After viewing/reading this morning, please continue to work on your play project. At this time, you should stick with the scenario you created in the September 30th post assignment! If you have other ideas for other plays, save them. While you may change some details, you are expected to write the play script you completed your scenario assignment for!

Please note: Length of your play will depend on the story you are trying to tell--not on any artificial page length. All plays should use proper U.S. play script format. (See handouts from previous classes!)

Wednesday, October 8, 2014

Baltimore Waltz: Day 3; Play Project

Paula Vogel on The Baltimore Waltz.
Scenes from the play: The Baltimore Waltz
Various clips for The Baltimore Waltz, including the film noir film: The Third Man (1960)

During period 1 we will continue our reading of The Baltimore Waltz. After completing this script and discussing its essential elements, we will move to the lab to continue writing our script projects.


Monday, October 6, 2014

Play Project; Baltimore Waltz: Day 2

Use the idea you created and researched and your scenario to write your play. Play length will vary from story to story and writer to writer.

Use your scenario (this was what we should have accomplished either in the lab last class or as homework) as a ground plan for your play.

Use the handout on play format as a guide. Your play should be written in standard play format!

During period 2, we will return to our classroom and continue reading The Baltimore Waltz.

HOMEWORK: Keep working on your play project. Work scene by scene to build your play.

Friday, October 3, 2014

Baltimore Waltz; Play Project #1

EQ: Identifying key dramatic terms within a script. Creating and working with a scenario.

Let's continue our reading of The Baltimore Waltz by Paula Vogel.

Most plays begin with an EVENT: a unique and significant moment in a character's life (or characters lives). In plays all scenes should be thought of as "events".

Events can be almost anything: an unusual incident, a special occasion, a sudden visit, or any kind of crisis.
An event that starts off the play is called the inciting incident: the point of attack, the turning point in the life of one or more of your characters. Some playwrights call this moment the "disturbance". Whatever term you choose, you want to start off your story with a strong reason for the events in the play to occur. As the play continues (particularly in plays with more than one scene) more events may occur in a story. The inciting incident is the first one.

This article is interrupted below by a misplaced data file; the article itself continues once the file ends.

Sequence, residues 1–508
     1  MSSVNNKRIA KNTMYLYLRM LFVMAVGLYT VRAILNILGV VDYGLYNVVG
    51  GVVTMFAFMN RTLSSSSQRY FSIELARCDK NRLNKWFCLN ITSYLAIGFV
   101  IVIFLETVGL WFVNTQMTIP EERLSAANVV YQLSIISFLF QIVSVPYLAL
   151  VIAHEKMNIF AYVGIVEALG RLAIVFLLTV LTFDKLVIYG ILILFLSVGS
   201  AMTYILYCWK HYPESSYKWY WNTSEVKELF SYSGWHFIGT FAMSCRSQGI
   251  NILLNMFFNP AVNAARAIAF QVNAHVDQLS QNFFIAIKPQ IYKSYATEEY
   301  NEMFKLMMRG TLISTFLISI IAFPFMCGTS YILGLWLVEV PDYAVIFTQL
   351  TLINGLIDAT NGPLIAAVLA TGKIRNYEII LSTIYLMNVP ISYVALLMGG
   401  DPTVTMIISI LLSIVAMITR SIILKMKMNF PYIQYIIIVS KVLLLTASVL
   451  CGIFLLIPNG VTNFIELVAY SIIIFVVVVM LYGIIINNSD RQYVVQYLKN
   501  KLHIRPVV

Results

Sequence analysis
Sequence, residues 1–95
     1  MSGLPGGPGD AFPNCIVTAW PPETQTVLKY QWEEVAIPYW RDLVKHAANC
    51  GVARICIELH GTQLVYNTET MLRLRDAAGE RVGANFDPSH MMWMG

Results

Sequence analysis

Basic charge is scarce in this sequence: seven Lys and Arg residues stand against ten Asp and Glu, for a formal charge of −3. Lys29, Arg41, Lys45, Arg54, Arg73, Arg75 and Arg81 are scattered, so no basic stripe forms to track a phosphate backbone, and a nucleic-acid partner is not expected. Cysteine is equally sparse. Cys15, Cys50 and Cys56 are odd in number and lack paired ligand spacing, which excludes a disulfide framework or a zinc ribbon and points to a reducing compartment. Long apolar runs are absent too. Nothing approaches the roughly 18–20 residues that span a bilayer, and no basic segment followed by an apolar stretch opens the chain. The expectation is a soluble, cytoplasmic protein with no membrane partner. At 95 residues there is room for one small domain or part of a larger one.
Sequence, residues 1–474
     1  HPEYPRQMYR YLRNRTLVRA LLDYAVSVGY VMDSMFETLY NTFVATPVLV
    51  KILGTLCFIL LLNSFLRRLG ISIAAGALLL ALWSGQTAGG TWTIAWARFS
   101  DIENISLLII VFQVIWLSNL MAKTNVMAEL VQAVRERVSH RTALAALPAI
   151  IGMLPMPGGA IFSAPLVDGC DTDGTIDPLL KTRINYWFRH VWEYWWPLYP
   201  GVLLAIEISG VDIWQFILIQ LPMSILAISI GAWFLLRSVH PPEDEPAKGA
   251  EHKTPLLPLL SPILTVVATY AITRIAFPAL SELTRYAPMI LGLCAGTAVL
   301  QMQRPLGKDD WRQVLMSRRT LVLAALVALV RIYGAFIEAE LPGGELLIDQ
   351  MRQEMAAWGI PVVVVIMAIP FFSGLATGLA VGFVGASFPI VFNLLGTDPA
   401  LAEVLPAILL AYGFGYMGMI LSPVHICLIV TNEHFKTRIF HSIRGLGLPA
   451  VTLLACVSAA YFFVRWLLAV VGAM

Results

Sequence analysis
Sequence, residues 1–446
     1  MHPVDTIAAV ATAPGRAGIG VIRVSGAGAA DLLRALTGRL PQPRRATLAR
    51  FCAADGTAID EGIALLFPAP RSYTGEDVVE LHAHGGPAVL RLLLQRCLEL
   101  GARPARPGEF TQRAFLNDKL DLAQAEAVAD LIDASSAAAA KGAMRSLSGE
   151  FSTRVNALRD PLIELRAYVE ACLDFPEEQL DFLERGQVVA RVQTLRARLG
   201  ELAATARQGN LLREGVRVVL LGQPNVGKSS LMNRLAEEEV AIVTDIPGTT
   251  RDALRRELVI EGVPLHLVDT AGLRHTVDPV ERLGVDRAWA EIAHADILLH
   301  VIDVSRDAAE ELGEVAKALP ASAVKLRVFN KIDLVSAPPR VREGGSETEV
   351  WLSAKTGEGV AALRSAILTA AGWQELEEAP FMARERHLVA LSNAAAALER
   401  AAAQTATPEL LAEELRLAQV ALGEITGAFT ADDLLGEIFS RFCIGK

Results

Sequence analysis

protagonist usually confronts the inciting incident from a position of weaker power or disadvantage. Starting with a protagonist who has all his stuff together, who can easily defeat or solve a problem, makes for a boring play.
The beginning of a play ends when the protagonist(s) make(s) a major decision. This major decision should set him or her or them on a collision course with forces that will oppose and perhaps destroy him/her (aka: antagonist). This should be a decision. A decision to act, a decision that causes the antagonist to confront the protagonist, etc. A major decision makes a protagonist active in the plot.

The inciting incident and the major decision help to create the MAJOR DRAMATIC QUESTION: MDQ. The MDQ is, as stated earlier, the question that keeps an audience interested in the plot of your play. The MDQ is also attached to your overall theme. For example: MDQ: will action (and therefore revenge) be possible for Hamlet?

The middle of a play is fraught with a series of obstacles (rising action). During the middle, you need to pay attention to the 3 C's: conflict, crisis, and complication. These 3 C's will lead to the dark moment of your play (more on that later).

Conflict can be person vs. person (often true in plays), person vs. self (also common), person vs. society (common as well if done correctly), and person vs. nature (God, etc.) (not as great, but some plays do this one perfectly.) The more interesting the conflict the more interesting the play. Crises and complications cause the conflict to be more interesting. The crises is a critical moment--a place in time for the protagonist to act, make a decision--that usually has consequences. Complications are problems (usually unforeseen) that arise to thwart or challenge the protagonist.

As you read the play the Baltimore Waltz please note the event, the inciting incident, the protagonist, major decision, the MDQ, the conflict, crisis, and complications in your notes.

During period 2: please go to the lab and work on your scenario. Use the idea you created and researched during the last two classes to begin writing a play. Play length will vary from story to story and writer to writer. Today is the last day to waffle about your scenario. If you scrap your plot and subject, decide on the subject and plot you WILL use (even if it's for a short 10 minute play, about 10 pages or less in length.)

HOMEWORK: Keep working on your play project. Work scene by scene to build your play.

The Murky Middle (Even More Advice)

Aristotle wrote that stories should have a beginning, middle, and end. Middles can be difficult. You might have a smashing opening to a stor...